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Japanese is a language spoken in Japan and in Japanese emigrant communities. It is an agglutinative language and is distinguished by a complex system of honorifics reflecting the hierarchical nature of Japanese society, with verb forms and particular vocabulary to indicate the relative status of the speaker, the listener, and a person mentioned in conversation.
Japanese vocabulary has been heavily influenced by loanwords from other languages. A vast number of words were borrowed from Chinese, or created from Chinese models, over a period of at least 1,500 years. Since the late 19th century, Japanese has borrowed a considerable number of words from Indo-European languages, primarily English. Because of the special trade relationship between Japan and first Portugal in the 16th century, and then mainly the Netherlands in the 17th century, Portuguese and Dutch have also been influential.
The Japanese language is written with a combination of three different types of scripts: modified Chinese characters called kanji (漢字), and two syllabic scripts made up of modified Chinese characters, hiragana (平仮名) and katakana (片仮名). The Latin alphabet, rōmaji (ローマ字), is also often used in modern Japanese, especially for company names and logos, advertising, and when entering Japanese text into a computer. Western style Indian numerals are generally used for numbers, but traditional Sino-Japanese numerals are also commonplace.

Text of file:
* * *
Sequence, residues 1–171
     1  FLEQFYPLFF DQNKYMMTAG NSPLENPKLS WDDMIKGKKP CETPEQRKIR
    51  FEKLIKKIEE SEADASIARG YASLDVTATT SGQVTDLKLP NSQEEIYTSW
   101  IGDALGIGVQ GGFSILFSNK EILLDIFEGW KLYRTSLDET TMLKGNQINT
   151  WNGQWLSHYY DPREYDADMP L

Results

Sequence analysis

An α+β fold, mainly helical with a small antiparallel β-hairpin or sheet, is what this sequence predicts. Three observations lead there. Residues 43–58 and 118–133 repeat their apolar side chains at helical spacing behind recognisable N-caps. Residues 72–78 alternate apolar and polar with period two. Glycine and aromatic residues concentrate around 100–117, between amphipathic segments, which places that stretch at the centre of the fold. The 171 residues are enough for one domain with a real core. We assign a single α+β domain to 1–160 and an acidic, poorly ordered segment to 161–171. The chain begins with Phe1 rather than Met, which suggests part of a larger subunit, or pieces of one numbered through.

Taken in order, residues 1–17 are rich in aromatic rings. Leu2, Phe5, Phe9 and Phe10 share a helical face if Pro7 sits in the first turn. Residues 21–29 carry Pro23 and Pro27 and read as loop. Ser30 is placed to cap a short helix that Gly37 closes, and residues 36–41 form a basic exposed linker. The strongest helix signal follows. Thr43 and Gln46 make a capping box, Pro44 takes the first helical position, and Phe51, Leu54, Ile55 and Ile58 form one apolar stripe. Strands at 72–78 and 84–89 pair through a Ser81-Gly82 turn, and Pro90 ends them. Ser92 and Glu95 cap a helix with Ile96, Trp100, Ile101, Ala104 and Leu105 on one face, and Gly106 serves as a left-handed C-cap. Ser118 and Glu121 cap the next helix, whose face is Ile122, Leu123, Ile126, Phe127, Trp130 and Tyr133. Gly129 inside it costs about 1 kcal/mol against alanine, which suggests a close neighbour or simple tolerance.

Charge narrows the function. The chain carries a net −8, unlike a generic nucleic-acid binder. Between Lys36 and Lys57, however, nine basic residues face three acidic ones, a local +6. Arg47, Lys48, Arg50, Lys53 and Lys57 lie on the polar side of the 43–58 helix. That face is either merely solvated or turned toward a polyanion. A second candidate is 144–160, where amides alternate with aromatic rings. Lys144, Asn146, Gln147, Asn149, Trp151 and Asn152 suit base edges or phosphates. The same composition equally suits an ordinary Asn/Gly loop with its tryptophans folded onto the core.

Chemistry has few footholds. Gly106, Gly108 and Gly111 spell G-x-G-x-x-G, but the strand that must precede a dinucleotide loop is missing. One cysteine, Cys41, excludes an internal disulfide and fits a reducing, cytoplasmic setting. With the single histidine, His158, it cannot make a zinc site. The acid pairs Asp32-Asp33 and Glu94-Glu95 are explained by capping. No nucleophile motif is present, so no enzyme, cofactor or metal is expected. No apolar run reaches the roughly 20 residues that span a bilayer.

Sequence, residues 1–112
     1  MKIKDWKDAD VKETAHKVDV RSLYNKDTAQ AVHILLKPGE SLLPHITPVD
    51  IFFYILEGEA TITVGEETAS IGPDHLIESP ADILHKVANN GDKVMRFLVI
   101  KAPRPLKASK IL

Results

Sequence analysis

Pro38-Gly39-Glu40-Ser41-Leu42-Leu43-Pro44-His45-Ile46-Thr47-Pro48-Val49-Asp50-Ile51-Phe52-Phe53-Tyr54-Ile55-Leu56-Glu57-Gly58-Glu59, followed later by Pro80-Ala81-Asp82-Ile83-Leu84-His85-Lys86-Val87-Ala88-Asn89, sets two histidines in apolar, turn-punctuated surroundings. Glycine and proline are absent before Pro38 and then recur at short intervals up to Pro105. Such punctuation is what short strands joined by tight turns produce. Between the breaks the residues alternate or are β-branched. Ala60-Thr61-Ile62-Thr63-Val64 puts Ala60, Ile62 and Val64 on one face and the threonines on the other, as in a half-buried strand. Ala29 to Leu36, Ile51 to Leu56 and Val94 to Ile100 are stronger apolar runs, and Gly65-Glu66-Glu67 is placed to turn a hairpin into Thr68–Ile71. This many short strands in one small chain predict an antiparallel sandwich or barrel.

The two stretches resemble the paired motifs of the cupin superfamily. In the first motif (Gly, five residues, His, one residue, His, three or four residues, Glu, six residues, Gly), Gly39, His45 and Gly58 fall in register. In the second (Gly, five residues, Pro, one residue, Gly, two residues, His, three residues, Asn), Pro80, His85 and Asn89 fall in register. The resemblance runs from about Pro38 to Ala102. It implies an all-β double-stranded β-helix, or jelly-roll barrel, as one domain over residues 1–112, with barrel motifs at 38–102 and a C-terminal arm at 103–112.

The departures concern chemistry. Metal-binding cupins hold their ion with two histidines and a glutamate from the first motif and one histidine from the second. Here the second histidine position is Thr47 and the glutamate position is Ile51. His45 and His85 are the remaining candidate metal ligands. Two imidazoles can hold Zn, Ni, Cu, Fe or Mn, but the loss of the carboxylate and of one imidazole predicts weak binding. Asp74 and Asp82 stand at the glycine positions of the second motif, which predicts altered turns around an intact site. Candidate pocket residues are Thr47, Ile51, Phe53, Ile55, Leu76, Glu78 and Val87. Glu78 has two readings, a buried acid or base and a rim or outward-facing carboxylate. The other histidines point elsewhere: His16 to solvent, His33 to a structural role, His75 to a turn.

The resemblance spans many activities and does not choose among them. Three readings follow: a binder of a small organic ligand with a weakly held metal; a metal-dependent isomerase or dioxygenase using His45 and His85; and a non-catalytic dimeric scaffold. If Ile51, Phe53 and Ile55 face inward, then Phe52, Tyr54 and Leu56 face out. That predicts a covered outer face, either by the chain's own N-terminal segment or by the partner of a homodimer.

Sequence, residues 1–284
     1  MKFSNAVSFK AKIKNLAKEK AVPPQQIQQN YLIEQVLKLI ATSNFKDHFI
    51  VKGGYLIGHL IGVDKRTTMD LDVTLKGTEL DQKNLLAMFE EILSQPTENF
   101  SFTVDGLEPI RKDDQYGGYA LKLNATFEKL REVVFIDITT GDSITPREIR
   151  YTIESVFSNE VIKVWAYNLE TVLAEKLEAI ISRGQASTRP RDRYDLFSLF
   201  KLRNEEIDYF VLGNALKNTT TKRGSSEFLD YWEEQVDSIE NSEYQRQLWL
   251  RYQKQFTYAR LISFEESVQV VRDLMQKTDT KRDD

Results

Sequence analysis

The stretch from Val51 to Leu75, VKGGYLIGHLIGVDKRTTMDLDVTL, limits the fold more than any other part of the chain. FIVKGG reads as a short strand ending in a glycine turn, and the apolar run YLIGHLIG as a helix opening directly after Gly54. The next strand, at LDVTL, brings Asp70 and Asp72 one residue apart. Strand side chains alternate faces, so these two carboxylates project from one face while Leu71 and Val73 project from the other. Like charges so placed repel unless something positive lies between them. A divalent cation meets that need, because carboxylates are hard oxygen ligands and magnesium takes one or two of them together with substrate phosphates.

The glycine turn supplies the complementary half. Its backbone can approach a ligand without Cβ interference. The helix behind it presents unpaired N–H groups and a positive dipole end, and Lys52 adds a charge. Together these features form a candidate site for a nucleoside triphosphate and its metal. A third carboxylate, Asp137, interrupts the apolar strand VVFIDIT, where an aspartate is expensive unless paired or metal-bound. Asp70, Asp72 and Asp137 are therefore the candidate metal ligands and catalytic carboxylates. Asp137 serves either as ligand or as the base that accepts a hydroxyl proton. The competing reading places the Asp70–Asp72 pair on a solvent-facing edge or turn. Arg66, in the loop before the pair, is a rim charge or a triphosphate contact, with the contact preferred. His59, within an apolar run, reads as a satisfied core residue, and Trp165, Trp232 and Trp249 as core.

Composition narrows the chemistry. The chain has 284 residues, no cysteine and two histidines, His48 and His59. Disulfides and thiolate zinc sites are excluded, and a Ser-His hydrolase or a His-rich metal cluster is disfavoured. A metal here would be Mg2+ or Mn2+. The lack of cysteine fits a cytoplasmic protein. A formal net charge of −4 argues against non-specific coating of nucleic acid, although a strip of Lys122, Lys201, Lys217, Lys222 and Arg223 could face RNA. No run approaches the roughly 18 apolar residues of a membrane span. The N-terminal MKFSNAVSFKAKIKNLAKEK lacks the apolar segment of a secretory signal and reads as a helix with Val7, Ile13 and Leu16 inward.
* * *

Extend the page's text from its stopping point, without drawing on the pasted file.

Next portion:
Japanese verb conjugation is the same for all subjects, first person ("I", "we"), second person ("thou", "you") and third person ("he/she/it" and "they"), singular and plural. The plain form of all verbs ends in u. There are very few irregular verbs.
Click verbs to conjugate them in the following verb conjugation tables:
歩く - aruku
|Imperative||INFORMAL I||歩け||aruke||歩く な||aruku na|
|INFORMAL II||歩きなさい||arukinasai||歩きなさる な||arukinasaru na|
|INFORMAL III||歩いて ください||aruite kudasai||歩かない で ください||arukanai de kudasai|
|FORMAL||お歩き なさいませ||oaruki nasaimase||お歩き なさいます な||oaruki nasaimasu na|
| Presumptive |
|INFORMAL II||歩く だろう||aruku darō||歩かない だろう||arukanai darō|
|FORMAL II||歩く でしょう||aruku desyō||歩かない でしょう||arukanai desyō|
|FORMAL|| 歩きませば |
| arukimaseba |
|歩きません なら||arukimasen nara|
|Informal Past (~ ta Form)||歩いた|
|Informal Past Negative||歩かなかった|
|Formal Past Negative||歩きませんでした|
|~ te Form||歩いて|
Group 1: ~ U ending verbs
The basic form of Group 1 verbs end with "~u". This group is also called Consonant-stem verbs or Godan-doushi (Godan verbs).
Group 2: ~ Iru and ~ Eru ending verbs
The basic form of Group 2 verbs end with either "~iru" or "~eru". This group is also called Vowel-stem-verbs or Ichidan-doushi (Ichidan verbs).
Iru ending verbs
Eru ending verbs
Group 3: Irregular verbs
- Japansese verb conjugator
- All about verbs Japanese verb groups
- Romaji to Hiragana Converter
- Japanese Verb Conjugation Table
- Lange, Roland. Japanese Verbs. Barron's Educational Series. New York. 1991.
- Tanimori, Masahiro. Handbook of Japanese Grammar. 1 edition. Tokyo. 1994.